Monday, May 12, 2008

Bear Mt. Report

Heading to Bear Mountain:
After the Ft. Ritchie Crit Kate, Evan and I loaded into Kate’s Honda Fit and headed to New York for the Bear Mountain road race to take place the following day. Turns out you can cram a lot of shit up in the Honda Fit. I was really rather amazed, especially considering we were operating without a roof rack. Our inventory included the following:

- three bikes
- three people
- three helmets
- three pair road shoes
- three bags
- four gallons of water
- 12 bottles of beer (evan’s prime prize)
- one floor pump
- one set spare wheels
- yoga foam roller thing
- eight bananas (give or take)
- one folding chair
- ….hmmmmm and some other stuff

Oh, and we were lucky enough to end up with the DELUXE room at the Days Inn in Nanuet. That's right, D-Lux....






The course:
4 lap course of roughly 14 miles each (56 mile total) with a 3.5 mile climb per lap. Aside from the climb, it was a pretty chill course, oh, and it had a downhill finish.

Race Report:
Back in the winter I expressed a desire to learn to love climbing as much as I love birthday cake. Still a bit of a disconnect there, but I thought going to Bear Mountain was a good step in the direction of improving my climbing skills.
(photo credit: members.virtualtourist.com)

I’m still trying to figure out if I operate best using an associative or dissociative approach to dealing with pain and suffering on the bike. I think most of the top athletes in any endurance sport tend to use an associative approach by tapping into their pain as a kind of a masochistic fix. The Buddhist in me would like to us the dissociative approach, but I can’t seem to convince myself that the pain is just a state of mind. I should do a lit. review on this at some point.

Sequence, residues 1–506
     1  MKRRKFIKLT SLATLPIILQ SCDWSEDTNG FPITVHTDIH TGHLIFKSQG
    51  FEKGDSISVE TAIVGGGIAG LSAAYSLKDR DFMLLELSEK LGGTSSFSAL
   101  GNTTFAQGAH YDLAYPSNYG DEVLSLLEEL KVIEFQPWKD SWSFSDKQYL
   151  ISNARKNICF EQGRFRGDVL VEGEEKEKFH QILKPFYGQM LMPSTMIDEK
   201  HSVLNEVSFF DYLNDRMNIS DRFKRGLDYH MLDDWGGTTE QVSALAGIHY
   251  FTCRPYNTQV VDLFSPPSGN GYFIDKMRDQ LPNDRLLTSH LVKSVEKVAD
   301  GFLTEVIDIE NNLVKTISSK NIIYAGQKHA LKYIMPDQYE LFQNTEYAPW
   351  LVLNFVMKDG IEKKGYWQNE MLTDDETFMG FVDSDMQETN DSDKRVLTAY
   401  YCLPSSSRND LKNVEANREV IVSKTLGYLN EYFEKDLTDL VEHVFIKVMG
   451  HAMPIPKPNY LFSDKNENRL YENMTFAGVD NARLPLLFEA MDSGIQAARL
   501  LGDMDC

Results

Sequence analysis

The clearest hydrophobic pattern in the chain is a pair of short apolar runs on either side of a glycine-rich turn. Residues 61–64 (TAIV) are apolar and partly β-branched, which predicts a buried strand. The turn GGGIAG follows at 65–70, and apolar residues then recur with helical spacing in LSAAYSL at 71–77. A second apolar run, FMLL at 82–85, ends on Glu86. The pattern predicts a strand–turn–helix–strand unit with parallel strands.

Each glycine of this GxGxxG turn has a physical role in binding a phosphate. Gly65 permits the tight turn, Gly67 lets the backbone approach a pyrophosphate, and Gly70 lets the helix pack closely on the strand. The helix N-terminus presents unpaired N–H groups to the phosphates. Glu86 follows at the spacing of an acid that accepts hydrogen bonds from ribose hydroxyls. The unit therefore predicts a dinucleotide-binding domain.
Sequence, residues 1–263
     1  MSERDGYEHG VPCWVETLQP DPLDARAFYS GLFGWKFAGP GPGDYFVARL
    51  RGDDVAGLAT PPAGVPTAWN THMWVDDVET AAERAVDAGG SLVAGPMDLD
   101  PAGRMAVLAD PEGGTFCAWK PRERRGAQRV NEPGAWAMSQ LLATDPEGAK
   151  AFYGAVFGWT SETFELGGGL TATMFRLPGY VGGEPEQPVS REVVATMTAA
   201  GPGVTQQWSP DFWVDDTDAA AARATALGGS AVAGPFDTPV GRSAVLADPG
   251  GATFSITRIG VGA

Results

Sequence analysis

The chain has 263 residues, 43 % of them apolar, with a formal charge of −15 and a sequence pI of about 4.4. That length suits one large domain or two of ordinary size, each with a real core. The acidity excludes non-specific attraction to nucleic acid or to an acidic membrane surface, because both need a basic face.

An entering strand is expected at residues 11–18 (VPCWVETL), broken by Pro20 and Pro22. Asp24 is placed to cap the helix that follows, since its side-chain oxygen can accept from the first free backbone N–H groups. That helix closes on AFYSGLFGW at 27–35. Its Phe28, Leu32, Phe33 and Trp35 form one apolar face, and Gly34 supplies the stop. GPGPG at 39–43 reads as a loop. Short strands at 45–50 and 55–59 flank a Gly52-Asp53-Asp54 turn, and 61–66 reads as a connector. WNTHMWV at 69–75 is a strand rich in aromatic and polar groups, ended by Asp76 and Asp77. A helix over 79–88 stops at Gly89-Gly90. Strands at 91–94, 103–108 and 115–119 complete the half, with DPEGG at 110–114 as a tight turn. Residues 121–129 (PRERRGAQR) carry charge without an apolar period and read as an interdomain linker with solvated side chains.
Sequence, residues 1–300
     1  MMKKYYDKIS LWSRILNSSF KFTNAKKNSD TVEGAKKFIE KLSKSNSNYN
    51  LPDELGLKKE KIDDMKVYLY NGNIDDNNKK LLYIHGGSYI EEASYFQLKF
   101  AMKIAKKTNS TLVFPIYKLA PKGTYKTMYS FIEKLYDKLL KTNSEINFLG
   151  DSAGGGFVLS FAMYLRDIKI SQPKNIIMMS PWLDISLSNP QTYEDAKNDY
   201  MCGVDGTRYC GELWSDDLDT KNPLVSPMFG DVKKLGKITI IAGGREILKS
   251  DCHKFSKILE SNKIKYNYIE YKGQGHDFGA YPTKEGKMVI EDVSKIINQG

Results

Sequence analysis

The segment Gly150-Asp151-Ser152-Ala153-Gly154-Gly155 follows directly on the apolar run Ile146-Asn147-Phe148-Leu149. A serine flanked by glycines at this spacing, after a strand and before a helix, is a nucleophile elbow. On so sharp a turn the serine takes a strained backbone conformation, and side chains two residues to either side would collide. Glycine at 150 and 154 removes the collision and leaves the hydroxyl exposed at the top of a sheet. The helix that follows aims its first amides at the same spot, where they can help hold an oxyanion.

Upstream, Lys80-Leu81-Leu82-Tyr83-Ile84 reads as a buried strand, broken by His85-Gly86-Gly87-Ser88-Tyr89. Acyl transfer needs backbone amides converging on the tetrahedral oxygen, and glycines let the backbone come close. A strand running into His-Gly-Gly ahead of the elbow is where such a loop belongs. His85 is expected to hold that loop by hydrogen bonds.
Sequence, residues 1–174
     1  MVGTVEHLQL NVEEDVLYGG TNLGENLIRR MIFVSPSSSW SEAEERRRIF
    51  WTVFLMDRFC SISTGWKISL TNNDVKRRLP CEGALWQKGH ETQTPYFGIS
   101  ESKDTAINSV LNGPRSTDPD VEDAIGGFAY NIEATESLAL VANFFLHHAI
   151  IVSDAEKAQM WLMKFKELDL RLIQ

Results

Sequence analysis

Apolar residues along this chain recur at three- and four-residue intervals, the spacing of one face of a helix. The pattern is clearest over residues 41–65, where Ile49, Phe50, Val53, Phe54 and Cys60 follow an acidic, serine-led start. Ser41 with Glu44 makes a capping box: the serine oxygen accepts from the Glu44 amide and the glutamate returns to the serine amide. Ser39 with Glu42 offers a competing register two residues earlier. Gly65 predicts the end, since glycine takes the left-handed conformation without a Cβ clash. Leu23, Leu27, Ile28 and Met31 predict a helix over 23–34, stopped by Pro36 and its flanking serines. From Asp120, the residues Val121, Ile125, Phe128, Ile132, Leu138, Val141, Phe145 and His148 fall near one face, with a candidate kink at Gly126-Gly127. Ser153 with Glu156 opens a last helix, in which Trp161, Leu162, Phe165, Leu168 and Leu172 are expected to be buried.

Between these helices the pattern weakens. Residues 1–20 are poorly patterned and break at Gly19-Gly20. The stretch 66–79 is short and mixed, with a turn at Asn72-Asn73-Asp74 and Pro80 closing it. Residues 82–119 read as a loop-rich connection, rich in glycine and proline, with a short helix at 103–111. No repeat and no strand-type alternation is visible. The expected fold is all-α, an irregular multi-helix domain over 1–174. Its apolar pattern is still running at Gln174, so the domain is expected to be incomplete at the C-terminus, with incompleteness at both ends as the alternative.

Things were going ok until we hit the climb for the second time. My legs got heavy, my quads were throbbing, and a gap opened up between me and the lead group. I new I could probably catch them on the flats just after the climb. This was a mistake. I should have just absolutely buried myself …did I have it in me though …still trying to figure that out.

Just after I lost contact with the lead group the sausage parade came through (men’s pro1/2), passing myself and the other small group of ladies I was with. Immediately upon passing us they sat up, creating a sausage road block, therefore sealing our fate of chase group for what would be the remainder of the race. Oh well, that’s racing for you. That’s the price you pay for losing contact.

Meanwhile, up front, Lorena was turning the screws and really putting the hurt on the women’s field. Unfortunately, no one was willing to go with her on any of the breaks she initiated. The course is a little counter intuitive. It is a climber’s course; however, it doesn’t really do much to reward a pure climber in the end because the climb is located so far from the finish. So even if Lorena had gotten away on the climb on the last lap, they would surely catch her on the long flats. In the end it came down to a field sprint which resulted in Kate and Lorena taking 5th and 6th respectively. The podium was swept by the Canadian crew... this seems to be a habit.

As for me, I found some ladies to work with. I fancy myself queen of pace line organization. It’s a lot like hosting a party (click invite on right). I have a knack for it. I rolled in somewhere ….not in the top ten.

Results:

Cat 1/2/3 Women, 56 miles, 55 starters
1. 232 Beth Miller, North Atlantic-Velo /Classbook.com
2. 244 Jen Stephenson, Team Ultralink
3. 205 Joanie Caron, Equipe Cascades
4. 231 Sinead Miller, UPMC Cycling Performance
5. 214 Kate Fiore, HPC Powered by Altarum
6. 204 Lorena Candrian, HPC Powered by Altarum
7. 210 Sabra Davison
8. 217 Audrey Friedrichsen Scott, Bikeway/Verge Sport
9 230 Alyssa Mellon, Team Ultralink
10.237 Lucie Poulin, Le Yeti

3 comments:

Lorena said...

Could you please print out some of those invitations before the next race? We can carry them in our jersey pockets and pull them out as needed. I sure could have used your paceline party planning expertise at Bear Mtn. Maybe the Canadian women were shy about working in a paceline because they weren't sure if they were cordially invited to the break away group. I didn't know that hospitality was the key! Perhaps offering a drink would help too.

Anna said...

I think the carrot approach always works best. Although, pace lining off the back of the field is a lot like combining efforts to survive after a ship wreck. Social norms might work differently when pace lining off the front. I'll let you know next time I'm up there!!!

As far as the Canadians go ...maybe you should put a Canadian flag sticker on your seatpost for the northern races?

Chickin said...

That song "Blame Canada" from the South Park movie is stuck in my head right now... Nice job at the races this weekend and I love Lorena's new nickname Stormin' Mormon. Now I just need a good one for Anna!